Campaigners who oppose the expansion of academic selection are “exploring the possibility of legal action” over government plans to encourage existing grammar schools to expand.
Comprehensive Future has launched a crowdfunding campaign to raise £5,000 to “challenge the threat of new annexe grammar schools”, after the government encouraged grammar schools to apply for a share of a £50 million expansion fund.
New selective schools have been banned since 1998. However, in 2015, the government granted the Weald of Kent Grammar School in Kent permission to open a new annexe on a site nearly nine miles away in Sevenoaks.
The legality of the government’s decision over the Weald of Kent has been called into question by some, including former schools minister David Laws, who said in his diaries that ministers were warned the decision was at serious risk of losing if put to a judicial review.
Now campaigners are worried that others will use the expansion fund to open new selective schools by the back door.
These new school sites are a “shady way” to get around “the will of Parliament”, claimed Melissa Benn, who chairs Comprehensive Future.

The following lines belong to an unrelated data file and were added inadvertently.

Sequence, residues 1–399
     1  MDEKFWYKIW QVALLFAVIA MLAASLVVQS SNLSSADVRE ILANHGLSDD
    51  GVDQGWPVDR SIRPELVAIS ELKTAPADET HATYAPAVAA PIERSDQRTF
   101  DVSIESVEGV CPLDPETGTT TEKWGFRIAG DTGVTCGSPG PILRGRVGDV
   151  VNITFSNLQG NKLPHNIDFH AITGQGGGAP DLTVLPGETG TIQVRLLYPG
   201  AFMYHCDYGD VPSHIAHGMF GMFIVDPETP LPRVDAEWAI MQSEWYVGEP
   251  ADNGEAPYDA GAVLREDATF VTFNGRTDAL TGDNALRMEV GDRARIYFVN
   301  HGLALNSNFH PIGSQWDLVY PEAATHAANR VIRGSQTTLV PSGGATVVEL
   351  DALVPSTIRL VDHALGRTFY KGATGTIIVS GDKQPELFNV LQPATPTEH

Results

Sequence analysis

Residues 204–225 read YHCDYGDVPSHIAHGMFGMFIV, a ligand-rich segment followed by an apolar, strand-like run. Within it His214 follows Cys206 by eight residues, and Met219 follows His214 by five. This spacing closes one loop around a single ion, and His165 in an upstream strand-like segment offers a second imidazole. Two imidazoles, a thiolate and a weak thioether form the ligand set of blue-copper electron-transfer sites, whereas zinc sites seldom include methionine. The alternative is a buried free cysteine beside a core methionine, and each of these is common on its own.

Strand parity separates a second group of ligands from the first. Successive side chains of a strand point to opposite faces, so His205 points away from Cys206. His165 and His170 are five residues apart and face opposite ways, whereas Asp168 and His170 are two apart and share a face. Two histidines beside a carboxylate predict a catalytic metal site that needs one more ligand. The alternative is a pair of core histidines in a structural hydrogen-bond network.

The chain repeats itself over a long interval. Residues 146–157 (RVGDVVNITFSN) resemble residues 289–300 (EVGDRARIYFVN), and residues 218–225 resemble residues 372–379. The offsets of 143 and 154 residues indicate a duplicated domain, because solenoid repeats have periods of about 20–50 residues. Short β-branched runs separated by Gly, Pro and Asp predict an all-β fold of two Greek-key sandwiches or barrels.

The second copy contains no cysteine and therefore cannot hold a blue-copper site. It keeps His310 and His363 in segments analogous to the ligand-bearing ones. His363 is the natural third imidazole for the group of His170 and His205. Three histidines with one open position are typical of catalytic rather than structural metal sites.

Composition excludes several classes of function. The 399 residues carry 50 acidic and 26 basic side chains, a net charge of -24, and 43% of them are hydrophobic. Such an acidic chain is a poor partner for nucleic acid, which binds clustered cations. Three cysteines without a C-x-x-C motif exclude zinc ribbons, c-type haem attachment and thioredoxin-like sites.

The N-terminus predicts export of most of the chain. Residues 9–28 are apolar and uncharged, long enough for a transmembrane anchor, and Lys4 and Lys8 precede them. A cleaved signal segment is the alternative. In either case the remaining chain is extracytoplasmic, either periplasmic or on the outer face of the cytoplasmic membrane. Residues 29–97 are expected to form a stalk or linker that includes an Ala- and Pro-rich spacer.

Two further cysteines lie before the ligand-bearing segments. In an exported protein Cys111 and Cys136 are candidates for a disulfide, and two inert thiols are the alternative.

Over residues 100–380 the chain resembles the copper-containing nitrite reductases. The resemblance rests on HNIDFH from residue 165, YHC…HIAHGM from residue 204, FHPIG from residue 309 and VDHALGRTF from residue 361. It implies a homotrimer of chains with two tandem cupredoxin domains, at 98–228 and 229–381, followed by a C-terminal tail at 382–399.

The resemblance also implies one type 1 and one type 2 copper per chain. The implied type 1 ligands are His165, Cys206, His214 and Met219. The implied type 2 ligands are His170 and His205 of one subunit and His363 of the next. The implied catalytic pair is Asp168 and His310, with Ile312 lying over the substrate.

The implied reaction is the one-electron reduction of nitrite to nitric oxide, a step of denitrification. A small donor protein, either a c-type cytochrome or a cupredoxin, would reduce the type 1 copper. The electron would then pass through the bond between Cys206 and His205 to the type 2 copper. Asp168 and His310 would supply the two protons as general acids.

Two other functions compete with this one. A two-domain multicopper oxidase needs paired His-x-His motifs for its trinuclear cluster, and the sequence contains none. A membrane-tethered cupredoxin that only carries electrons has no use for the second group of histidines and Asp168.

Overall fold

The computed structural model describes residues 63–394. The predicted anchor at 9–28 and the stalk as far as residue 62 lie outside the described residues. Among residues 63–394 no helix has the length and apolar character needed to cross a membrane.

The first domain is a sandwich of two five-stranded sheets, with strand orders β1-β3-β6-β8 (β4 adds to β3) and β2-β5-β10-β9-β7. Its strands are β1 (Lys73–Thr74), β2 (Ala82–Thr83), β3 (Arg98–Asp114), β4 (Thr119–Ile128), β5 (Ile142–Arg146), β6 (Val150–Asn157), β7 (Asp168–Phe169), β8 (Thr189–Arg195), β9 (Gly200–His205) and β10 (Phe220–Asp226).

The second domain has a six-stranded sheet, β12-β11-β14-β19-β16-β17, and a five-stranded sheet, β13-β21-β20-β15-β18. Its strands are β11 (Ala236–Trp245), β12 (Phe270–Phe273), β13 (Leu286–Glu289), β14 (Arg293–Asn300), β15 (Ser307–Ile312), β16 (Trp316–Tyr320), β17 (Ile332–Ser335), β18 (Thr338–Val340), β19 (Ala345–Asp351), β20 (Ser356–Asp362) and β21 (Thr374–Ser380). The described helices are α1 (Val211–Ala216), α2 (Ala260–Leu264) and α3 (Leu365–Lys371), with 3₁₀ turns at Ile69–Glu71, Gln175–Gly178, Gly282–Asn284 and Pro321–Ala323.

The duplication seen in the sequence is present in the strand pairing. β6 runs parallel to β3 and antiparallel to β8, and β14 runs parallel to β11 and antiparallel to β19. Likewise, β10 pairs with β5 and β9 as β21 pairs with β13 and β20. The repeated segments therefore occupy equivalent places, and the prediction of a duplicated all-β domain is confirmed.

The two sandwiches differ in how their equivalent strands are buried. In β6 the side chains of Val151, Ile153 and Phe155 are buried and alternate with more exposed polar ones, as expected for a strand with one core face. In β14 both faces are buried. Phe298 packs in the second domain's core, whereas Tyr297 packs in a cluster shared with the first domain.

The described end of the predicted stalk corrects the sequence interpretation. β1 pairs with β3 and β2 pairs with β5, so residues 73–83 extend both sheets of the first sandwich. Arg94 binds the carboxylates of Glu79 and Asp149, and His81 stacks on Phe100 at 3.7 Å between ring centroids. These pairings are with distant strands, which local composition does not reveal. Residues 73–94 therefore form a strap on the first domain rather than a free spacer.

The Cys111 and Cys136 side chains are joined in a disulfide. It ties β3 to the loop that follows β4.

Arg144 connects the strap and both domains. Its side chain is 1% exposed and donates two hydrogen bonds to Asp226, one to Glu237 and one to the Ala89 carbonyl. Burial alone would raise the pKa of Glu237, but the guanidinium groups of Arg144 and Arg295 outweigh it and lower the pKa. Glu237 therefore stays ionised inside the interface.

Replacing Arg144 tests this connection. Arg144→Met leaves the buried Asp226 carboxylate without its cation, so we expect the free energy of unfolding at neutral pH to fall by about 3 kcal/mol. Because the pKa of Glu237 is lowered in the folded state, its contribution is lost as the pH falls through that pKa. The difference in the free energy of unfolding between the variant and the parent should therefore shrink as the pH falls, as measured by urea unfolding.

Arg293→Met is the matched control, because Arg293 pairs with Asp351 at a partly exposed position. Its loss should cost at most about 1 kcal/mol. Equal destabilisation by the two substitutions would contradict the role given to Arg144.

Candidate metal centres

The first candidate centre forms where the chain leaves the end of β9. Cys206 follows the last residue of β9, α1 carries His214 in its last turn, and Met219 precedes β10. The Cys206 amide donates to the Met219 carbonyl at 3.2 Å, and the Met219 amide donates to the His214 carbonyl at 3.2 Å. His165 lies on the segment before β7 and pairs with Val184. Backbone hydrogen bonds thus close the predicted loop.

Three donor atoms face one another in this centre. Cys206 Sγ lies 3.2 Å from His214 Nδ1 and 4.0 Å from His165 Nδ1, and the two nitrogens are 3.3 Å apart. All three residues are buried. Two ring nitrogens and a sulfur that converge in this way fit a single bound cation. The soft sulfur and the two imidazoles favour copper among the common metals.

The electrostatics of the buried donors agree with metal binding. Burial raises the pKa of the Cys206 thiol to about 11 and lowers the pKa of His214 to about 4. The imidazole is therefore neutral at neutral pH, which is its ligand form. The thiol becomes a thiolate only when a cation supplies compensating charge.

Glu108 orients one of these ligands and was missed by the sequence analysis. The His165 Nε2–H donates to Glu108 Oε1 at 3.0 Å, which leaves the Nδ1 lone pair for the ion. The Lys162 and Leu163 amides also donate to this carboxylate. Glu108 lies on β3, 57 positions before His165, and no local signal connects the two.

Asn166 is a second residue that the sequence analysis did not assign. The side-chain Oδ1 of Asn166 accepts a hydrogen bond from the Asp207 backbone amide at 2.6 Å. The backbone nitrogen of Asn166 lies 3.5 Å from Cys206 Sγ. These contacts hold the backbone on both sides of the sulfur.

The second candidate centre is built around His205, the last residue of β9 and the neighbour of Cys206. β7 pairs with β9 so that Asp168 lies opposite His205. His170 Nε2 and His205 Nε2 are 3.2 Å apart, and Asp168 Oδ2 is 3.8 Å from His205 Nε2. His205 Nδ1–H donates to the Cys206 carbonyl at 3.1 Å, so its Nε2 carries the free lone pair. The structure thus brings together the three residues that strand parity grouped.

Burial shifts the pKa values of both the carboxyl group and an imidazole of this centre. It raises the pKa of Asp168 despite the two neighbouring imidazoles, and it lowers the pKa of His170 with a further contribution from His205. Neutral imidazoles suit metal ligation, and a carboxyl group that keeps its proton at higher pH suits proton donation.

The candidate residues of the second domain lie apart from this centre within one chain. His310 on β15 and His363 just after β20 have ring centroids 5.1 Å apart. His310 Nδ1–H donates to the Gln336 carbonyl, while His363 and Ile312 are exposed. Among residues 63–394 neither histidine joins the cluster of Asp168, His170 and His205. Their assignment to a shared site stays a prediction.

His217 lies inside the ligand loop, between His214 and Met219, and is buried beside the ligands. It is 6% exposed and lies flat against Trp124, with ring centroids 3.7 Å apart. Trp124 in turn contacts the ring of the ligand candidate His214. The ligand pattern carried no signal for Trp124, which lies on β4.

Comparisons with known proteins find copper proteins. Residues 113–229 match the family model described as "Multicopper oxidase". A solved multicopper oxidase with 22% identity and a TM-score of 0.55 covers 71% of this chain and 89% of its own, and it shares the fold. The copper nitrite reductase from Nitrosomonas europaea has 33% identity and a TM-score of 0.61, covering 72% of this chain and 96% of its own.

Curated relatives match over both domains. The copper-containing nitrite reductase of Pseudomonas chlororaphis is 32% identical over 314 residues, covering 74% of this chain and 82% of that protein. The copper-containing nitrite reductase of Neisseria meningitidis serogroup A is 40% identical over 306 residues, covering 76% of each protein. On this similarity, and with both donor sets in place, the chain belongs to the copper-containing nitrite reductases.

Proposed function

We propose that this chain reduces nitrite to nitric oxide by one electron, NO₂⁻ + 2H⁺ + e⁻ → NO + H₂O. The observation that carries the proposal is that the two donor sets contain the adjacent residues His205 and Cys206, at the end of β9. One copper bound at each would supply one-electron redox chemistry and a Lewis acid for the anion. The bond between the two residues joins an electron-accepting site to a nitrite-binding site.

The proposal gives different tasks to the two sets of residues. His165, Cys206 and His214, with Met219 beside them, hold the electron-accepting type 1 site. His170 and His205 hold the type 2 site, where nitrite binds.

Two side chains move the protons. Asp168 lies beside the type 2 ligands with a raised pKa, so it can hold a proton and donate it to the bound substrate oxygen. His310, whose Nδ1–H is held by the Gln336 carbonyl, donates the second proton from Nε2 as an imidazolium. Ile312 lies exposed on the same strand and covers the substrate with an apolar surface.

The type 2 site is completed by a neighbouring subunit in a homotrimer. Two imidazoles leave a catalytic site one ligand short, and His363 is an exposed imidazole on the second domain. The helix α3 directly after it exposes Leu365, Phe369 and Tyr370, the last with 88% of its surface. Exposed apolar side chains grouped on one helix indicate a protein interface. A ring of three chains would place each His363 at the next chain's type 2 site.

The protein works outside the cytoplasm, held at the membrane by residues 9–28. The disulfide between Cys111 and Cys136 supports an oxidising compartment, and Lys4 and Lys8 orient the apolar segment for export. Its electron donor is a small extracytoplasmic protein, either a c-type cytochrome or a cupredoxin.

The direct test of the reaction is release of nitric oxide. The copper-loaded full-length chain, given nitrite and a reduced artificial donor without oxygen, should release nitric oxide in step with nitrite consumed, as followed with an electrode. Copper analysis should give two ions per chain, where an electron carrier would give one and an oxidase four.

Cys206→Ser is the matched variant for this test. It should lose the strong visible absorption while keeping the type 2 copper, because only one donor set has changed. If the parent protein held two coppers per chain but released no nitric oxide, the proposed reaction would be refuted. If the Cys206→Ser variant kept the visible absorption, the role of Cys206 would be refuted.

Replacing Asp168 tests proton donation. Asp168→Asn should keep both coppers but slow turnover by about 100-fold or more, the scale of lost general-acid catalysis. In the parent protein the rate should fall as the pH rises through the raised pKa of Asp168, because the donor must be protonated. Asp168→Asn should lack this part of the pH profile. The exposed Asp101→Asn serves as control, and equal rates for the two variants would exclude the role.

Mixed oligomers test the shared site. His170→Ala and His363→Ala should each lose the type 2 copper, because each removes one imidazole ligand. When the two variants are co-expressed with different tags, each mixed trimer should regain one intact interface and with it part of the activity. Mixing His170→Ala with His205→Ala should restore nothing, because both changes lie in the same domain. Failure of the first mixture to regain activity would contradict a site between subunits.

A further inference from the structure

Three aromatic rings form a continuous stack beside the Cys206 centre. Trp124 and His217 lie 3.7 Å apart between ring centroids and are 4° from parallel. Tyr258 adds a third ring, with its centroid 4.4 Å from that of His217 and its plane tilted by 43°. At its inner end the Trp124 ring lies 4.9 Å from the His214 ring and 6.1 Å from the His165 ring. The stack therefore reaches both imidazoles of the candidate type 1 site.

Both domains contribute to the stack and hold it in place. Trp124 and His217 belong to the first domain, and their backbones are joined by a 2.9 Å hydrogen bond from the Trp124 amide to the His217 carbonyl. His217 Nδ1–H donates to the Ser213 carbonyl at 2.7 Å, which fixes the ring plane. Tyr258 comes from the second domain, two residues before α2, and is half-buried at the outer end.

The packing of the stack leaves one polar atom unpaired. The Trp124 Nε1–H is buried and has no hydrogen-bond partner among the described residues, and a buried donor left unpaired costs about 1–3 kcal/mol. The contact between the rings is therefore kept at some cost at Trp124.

“If further annex schools of this kind are permitted, this will damage comprehensive schools in areas bordering grammar schools,” she added.
Campaigners are now raising money to organise local campaigns, and lobby councillors and MPs. They will also “explore all legal means” to prevent groups from using the policy to open new selective schools.
Under the terms of the selective school expansion fund, which was first announced in 2016, grammar schools wishing to apply for money must first carry out a four-week consultation. They must also endeavour to admit more disadvantaged pupils, and publish a plan explaining how they will make their intakes more inclusive.
A spokesperson for the Department for Education said: “The Weald of Kent’s annex proposal was assessed against the criteria for selective school expansions. It’s right that all good and outstanding schools – including selective schools – should be able to expand to give parents greater choice.
“All applications to the expansion fund must make clear that they are a genuine expansion of an existing school and meet a range of criteria, including how they will meet demand for places and increase their intake of disadvantaged pupils.”